The Senate will vote Thursday on the Paycheck Fairness Act, which would expand and strengthen the Equal Pay Act of 1963 and make it illegal for employers to punish women for bringing up pay disparity issues. Dana Perino, a Fox News contributor and former press secretary for President George W. Bush, <a href="http://www.rawstory.com/rs/2012/04/30/perino-equal-pay-issue-is-a-distraction-for-just-48-hours/" target="_hplink">called the equal pay issue</a> "a distraction" from the country's real financial problems last week. "Well, it's just yet another distraction of dealing with the major financial issues that the country should be dealing with," Perino said. "This is not a job creator."
Just My Imagination (The Temptations)
Sen. John McCain (R-Ariz.), whose home state's legislature recently defunded Planned Parenthood and voted to pass a bill that would allow employers to deny women birth control coverage, <a href="http://www.huffingtonpost.com/2012/04/26/john-mccain-war-on-women_n_1455591.html" target="_hplink">delivered a floor speech</a> in which he insisted that the war on women is something imaginary for Democrats to "sputter about." "My friends, this supposed 'War on Women' or the use of similarly outlandish rhetoric by partisan operatives has two purposes, and both are purely political in their purpose and effect: The first is to distract citizens from real issues that really matter and the second is to give talking heads something to sputter about when they appear on cable television," he said.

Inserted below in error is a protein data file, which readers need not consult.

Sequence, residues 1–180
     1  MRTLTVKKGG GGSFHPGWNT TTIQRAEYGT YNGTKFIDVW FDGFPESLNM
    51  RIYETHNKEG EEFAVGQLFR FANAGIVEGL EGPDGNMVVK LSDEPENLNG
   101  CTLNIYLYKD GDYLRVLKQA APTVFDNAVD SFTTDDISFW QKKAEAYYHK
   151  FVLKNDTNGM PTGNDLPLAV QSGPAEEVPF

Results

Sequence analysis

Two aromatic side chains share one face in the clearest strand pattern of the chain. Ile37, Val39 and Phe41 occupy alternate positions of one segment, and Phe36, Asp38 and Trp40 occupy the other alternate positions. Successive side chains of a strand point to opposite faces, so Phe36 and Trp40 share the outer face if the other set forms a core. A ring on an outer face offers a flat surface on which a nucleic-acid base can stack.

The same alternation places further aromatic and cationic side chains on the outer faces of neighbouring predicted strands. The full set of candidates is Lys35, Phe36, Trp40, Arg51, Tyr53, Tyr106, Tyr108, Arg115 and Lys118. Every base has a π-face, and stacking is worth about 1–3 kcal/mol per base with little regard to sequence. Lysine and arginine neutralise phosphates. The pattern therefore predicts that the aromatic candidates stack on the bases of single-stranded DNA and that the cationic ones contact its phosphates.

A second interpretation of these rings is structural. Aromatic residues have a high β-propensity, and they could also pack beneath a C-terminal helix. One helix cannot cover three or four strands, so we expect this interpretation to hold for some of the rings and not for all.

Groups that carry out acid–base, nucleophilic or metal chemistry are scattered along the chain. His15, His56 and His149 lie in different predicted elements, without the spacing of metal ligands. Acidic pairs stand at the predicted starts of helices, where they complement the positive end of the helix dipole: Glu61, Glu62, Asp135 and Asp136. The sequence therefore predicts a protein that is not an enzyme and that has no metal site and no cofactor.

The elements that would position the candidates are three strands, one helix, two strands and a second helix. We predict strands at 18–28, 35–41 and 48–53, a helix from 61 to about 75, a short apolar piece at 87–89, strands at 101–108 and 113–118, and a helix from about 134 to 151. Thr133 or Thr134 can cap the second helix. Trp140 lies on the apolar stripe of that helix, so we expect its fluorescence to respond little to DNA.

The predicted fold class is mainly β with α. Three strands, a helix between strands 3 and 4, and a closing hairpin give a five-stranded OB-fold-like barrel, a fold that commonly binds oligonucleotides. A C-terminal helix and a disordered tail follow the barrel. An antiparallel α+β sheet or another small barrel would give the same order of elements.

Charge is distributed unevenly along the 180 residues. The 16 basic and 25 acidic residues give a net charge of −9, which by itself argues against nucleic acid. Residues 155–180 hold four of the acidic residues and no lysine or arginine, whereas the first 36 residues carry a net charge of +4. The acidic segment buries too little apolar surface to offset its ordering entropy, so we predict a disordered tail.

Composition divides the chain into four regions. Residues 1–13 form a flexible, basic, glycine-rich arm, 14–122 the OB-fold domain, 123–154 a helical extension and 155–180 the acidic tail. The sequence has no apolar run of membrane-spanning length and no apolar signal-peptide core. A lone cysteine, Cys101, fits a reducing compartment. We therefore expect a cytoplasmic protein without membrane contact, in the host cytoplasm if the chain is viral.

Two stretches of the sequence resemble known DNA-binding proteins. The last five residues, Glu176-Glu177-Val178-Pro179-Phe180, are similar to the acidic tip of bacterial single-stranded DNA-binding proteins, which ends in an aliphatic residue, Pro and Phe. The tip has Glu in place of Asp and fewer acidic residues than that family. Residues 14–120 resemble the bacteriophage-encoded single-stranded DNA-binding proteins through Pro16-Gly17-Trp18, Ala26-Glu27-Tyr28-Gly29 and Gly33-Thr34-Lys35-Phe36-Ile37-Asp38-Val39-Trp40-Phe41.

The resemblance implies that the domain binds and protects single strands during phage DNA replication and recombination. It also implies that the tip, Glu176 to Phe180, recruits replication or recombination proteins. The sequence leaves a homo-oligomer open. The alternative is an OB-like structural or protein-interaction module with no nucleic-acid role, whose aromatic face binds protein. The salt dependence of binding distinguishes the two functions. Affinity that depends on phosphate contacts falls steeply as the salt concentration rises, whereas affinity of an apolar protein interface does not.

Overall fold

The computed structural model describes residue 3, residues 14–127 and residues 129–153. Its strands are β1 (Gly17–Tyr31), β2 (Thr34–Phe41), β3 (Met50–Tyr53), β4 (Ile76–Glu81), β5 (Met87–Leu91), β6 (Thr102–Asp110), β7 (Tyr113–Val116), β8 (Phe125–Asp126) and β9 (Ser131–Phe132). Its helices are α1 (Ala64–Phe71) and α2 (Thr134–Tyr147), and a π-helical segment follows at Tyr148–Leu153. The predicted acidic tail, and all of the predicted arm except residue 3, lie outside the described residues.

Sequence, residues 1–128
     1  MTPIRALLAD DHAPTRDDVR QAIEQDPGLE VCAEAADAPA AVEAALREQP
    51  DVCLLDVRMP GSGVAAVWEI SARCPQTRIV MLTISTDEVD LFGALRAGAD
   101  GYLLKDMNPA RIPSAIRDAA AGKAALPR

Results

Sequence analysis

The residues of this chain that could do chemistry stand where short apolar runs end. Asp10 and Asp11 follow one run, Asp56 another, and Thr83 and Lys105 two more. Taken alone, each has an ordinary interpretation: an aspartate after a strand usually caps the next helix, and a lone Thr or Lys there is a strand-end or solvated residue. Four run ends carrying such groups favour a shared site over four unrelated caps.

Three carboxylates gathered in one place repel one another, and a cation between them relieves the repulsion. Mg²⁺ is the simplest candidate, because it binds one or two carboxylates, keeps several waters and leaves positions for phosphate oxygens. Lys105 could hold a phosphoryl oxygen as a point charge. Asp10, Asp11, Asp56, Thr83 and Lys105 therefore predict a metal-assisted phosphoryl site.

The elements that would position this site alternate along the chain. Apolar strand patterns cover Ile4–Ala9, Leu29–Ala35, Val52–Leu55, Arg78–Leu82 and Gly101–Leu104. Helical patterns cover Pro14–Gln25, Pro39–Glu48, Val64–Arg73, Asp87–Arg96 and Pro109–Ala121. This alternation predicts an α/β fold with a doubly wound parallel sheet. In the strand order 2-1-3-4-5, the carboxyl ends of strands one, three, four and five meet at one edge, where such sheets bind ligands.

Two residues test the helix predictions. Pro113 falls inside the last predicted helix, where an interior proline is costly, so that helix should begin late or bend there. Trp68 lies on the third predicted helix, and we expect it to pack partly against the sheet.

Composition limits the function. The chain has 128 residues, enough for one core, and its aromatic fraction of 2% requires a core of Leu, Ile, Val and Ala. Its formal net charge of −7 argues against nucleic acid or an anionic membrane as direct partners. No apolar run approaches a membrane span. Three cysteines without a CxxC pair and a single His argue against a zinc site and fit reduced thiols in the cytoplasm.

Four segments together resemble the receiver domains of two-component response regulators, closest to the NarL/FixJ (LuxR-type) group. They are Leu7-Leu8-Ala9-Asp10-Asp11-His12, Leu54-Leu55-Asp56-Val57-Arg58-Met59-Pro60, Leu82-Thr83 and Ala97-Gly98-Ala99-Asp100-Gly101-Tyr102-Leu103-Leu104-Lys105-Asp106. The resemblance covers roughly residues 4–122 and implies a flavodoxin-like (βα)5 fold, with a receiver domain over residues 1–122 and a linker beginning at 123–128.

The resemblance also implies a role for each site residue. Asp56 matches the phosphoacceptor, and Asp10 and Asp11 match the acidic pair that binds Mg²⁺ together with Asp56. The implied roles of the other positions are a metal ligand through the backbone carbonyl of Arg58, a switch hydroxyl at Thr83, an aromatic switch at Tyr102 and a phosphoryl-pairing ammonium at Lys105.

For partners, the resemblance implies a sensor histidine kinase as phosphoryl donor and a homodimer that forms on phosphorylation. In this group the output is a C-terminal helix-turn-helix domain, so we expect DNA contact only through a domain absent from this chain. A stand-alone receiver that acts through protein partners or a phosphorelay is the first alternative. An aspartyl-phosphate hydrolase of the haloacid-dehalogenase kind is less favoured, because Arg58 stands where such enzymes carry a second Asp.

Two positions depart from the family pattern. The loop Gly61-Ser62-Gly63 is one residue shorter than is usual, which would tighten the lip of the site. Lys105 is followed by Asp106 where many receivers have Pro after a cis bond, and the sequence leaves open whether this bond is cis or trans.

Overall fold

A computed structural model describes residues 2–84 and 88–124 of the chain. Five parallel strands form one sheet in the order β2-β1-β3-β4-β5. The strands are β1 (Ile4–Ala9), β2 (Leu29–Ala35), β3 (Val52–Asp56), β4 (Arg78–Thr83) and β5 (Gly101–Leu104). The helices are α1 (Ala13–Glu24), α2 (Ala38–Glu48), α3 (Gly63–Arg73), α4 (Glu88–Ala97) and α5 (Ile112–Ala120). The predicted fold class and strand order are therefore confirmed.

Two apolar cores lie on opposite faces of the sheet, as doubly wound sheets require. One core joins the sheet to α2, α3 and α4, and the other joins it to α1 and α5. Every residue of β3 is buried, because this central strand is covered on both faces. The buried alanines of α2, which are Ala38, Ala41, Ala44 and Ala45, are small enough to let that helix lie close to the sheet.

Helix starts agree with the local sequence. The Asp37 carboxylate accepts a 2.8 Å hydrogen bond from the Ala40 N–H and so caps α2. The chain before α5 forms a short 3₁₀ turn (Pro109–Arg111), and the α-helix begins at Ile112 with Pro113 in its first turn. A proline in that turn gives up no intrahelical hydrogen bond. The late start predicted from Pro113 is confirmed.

Butterfly Fly Away (Miley & Billy Ray Cyrus)
Republican National Committee Chairman Reince Priebus tried to trivialize concerns about the legislative "war on women" by comparing it to a "war on caterpillars." "If the Democrats said we had a war on caterpillars and every mainstream media outlet talked about the fact that Republicans have a war on caterpillars, then we'd have problems with caterpillars," Priebus <a href="http://www.bloomberg.com/news/2012-04-05/priebus-says-gender-battle-as-fictonal-as-caterpillar-war.html" target="_hplink">said in an April interview</a> on Bloomberg Television. "It's a fiction."
Distraction (Angels And Airwaves)
Missouri U.S. Senate candidate Sarah Steelman (R) took heat from her opponents in May when she contended that Democratic lawmakers' focus on the reauthorization of the Violence Against Women Act was "a distraction" from the issues they should be dealing with instead. "I think it's unfortunate that the Democrats have made a political football out of this thing, which I think is what they keep doing to distract from real problems that are facing our nation," she said in an interview with St. Louis Public Radio.
We Don't Care (Kanye West)
South Carolina Gov. Nikki Haley (R) defended the Republican Party in April for going after insurance coverage for contraception by arguing that women don't actually care about contraception. "Women don't care about contraception," she said on ABC's The View. "They care about jobs and the economy and raising their families and all those other things."